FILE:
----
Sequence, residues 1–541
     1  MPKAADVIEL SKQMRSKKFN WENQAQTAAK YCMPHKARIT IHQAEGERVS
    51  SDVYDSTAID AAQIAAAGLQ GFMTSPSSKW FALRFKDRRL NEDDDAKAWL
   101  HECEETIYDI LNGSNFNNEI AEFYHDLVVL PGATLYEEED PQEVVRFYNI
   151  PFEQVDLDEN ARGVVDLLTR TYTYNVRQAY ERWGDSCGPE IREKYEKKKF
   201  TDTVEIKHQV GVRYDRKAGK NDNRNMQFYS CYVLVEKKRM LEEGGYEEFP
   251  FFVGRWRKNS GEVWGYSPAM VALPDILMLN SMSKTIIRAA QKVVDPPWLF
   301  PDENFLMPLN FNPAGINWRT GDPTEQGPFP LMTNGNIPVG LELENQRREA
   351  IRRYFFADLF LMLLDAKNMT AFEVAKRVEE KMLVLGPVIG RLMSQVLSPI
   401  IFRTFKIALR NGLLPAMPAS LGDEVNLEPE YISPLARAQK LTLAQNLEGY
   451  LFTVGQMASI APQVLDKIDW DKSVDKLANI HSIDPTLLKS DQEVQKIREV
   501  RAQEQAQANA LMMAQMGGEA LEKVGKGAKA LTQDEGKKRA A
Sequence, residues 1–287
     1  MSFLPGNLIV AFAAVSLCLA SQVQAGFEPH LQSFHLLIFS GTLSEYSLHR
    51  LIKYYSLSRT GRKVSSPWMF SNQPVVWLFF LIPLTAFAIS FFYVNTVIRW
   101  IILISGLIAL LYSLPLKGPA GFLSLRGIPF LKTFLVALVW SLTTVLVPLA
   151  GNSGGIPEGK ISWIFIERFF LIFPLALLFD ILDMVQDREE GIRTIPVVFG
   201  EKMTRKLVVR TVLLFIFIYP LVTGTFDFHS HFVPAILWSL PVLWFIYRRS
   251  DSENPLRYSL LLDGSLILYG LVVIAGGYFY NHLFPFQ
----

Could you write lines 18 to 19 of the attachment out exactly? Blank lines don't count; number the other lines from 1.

   201  EKMTRKLVVR TVLLFIFIYP LVTGTFDFHS HFVPAILWSL PVLWFIYRRS
   251  DSENPLRYSL LLDGSLILYG LVVIAGGYFY NHLFPFQ